IOWA TO AFRICA: A Fire Truck’s Journey

You never know what someone is going through until you take a walk in their shoes or in this case, their fire boots.

Firefighters with the Indianola Fire Department have it pretty good.

“The fire service is usually a fairly respected group of people in their community and their treated very well,” says Fire Chief Brian Seymour.

It means something to be a firefighter. It’s an identity. Except for those who are seven times zones away.

“When the truck showed up, the community there was infuriated with them and threw rocks at them.”

mapMore than 8,000 miles to the east of the US in Zambia is the village of Katate, where fire is a part of everyday life and firefighters lack credibility.

No uniforms, little training, and a broken-down fire truck stationed fifty miles away is all they had.

“They didn`t have anything that identified them as firefighters. They were just people showing up on a truck to do what they could.”

Chief Seymour and his men first visited Katate two years ago by way of a grant from the Children’s Burn Foundation. Together with an Iowa City doctor the group met burn victims at a local hospital.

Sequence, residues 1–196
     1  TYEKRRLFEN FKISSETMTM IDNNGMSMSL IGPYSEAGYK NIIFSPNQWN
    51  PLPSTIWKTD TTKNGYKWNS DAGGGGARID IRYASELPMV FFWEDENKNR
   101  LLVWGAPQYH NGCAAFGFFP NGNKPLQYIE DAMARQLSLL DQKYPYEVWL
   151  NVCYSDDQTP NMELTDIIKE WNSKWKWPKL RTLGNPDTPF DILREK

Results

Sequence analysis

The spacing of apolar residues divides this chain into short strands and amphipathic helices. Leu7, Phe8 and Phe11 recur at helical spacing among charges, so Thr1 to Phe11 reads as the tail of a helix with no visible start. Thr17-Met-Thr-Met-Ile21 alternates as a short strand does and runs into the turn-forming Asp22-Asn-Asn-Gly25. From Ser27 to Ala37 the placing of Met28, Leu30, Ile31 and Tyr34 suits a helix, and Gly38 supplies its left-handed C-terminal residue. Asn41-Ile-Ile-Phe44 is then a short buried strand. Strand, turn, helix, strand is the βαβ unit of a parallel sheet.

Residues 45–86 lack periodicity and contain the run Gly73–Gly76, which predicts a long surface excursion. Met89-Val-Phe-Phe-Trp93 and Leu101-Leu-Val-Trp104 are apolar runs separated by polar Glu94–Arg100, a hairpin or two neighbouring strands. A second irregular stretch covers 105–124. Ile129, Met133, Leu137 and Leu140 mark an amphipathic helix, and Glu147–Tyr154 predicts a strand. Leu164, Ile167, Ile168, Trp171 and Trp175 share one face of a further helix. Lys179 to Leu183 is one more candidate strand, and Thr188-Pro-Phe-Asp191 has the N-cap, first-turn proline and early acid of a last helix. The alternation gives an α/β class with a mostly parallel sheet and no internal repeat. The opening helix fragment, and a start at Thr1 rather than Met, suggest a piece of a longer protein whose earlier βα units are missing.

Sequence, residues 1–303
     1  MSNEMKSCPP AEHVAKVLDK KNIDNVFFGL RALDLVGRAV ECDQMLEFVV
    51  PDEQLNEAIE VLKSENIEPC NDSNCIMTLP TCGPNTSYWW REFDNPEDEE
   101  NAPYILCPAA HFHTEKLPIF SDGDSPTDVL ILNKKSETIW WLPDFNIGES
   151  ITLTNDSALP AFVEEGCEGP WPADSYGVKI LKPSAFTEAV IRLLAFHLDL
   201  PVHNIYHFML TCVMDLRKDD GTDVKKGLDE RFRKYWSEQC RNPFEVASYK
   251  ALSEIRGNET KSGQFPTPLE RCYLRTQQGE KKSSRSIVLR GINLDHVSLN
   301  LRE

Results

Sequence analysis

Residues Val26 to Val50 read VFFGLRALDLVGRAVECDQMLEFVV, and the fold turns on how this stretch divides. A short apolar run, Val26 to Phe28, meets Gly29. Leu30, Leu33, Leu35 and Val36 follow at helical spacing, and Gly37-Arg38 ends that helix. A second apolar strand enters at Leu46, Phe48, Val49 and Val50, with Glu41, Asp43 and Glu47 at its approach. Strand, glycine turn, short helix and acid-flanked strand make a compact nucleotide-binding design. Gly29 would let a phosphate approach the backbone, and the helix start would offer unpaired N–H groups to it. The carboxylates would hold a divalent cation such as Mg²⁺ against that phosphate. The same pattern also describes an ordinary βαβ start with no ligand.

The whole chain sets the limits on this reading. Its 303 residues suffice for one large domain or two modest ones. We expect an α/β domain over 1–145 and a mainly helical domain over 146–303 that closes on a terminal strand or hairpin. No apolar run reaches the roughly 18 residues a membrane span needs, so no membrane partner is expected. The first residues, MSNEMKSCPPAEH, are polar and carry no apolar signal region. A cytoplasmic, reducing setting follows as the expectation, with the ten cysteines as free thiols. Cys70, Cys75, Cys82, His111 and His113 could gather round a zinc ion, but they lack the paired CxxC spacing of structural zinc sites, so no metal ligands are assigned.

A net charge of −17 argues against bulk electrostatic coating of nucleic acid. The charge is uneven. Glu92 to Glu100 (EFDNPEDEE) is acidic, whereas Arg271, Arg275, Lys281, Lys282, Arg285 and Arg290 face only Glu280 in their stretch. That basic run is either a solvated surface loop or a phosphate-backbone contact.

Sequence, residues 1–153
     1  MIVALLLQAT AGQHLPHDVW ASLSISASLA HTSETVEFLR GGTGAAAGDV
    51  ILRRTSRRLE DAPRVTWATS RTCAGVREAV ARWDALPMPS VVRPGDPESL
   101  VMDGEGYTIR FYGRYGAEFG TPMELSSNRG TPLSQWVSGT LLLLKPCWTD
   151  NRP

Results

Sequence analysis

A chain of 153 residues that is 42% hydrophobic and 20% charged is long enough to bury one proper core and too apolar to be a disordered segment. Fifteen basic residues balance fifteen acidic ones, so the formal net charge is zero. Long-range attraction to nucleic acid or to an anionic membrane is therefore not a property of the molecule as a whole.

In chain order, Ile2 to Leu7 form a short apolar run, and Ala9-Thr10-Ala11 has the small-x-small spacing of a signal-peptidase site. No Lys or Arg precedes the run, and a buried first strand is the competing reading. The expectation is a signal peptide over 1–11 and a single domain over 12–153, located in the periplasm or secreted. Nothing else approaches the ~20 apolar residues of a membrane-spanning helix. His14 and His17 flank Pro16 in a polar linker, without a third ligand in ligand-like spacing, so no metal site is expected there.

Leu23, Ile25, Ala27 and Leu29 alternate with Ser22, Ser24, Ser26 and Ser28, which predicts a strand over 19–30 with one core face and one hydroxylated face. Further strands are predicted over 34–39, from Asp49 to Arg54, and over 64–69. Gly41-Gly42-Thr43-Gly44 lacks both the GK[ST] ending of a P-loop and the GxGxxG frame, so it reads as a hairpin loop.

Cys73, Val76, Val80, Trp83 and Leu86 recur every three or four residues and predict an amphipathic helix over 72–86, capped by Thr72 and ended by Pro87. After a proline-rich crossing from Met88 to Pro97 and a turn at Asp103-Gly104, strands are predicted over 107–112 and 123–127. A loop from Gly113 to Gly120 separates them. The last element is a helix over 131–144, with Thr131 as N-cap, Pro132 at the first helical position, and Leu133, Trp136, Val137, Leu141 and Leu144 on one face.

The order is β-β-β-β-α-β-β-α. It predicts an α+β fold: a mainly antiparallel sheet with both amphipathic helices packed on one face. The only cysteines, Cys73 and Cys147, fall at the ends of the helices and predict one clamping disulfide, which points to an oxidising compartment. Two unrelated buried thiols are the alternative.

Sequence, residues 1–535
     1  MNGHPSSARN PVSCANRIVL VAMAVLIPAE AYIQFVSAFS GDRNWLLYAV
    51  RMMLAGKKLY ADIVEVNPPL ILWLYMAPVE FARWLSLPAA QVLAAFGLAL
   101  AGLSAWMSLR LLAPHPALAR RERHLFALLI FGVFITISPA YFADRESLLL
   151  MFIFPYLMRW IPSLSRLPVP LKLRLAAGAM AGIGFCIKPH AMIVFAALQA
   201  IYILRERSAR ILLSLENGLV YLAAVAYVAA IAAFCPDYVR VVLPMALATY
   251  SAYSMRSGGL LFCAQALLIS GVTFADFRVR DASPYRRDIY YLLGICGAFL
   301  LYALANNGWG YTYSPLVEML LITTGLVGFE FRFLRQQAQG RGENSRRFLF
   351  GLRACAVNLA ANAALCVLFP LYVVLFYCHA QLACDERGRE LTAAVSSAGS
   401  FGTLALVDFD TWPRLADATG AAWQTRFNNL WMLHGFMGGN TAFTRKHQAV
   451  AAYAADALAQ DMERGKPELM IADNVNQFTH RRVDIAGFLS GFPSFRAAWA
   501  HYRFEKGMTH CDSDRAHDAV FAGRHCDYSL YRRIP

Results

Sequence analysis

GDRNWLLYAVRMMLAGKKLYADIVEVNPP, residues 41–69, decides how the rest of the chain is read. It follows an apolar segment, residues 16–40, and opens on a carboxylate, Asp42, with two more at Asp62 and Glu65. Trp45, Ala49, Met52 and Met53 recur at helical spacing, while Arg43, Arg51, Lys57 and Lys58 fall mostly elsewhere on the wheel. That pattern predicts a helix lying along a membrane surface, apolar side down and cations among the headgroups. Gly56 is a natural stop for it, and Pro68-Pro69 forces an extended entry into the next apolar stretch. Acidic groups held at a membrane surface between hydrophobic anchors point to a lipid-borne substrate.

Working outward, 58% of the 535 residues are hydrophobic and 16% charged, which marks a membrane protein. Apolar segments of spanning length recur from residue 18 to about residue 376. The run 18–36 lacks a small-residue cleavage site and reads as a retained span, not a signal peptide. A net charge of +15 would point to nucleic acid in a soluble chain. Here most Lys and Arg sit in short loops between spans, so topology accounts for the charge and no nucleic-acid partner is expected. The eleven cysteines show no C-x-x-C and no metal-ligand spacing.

“We`ve taught them what we can about treating burns. Why are we not try trying to push more on let’s not have a burn to treat?”

That was the push over the next 12 days – teaching, training and outfitting a volunteer fire department. The only thing still lacking were the tools to do the job.

“To be quite honest, it took them 10 minutes or so to just get the equipment running and to be able to respond to the fire.”

What they needed was a new truck. A couple phones calls here and there to the right people within a week they landed on a 1945 fire truck.

An oil company near the North Pole donated the truck and shipped it to Minneapolis. The firefighters then drove it to Indianola for a makeover. In April the truck will be towed to Jacksonville, Florida for a boat ride to a West African seaport, by May the Indianola Fire Department will return to Africa to finish the last leg.

“It is a long journey. Just from Walvis Bay to Katate is a 30 hour drive,” says Seymour.

The $15,000 trip was funded entirely with donations, some even coming from the firefighters themselves.

“You’re there to do something for a purpose and to make things better for somebody else.”

The department says in the future they hope to bring a few African firefighters to Iowa for additional training.

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